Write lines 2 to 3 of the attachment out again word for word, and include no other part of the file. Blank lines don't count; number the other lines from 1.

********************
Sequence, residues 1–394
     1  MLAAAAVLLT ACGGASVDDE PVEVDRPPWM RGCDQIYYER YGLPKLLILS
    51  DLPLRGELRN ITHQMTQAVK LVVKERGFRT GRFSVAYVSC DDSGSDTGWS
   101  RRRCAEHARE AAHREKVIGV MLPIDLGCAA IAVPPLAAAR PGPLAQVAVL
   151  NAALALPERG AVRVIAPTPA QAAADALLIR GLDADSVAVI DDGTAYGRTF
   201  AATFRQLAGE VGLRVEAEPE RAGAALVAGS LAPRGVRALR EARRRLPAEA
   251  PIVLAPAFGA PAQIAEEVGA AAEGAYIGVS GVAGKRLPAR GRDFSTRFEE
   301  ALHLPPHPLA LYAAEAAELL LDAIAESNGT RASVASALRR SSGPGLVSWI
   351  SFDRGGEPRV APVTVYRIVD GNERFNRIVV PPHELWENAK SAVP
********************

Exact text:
     1  MLAAAAVLLT ACGGASVDDE PVEVDRPPWM RGCDQIYYER YGLPKLLILS
    51  DLPLRGELRN ITHQMTQAVK LVVKERGFRT GRFSVAYVSC DDSGSDTGWS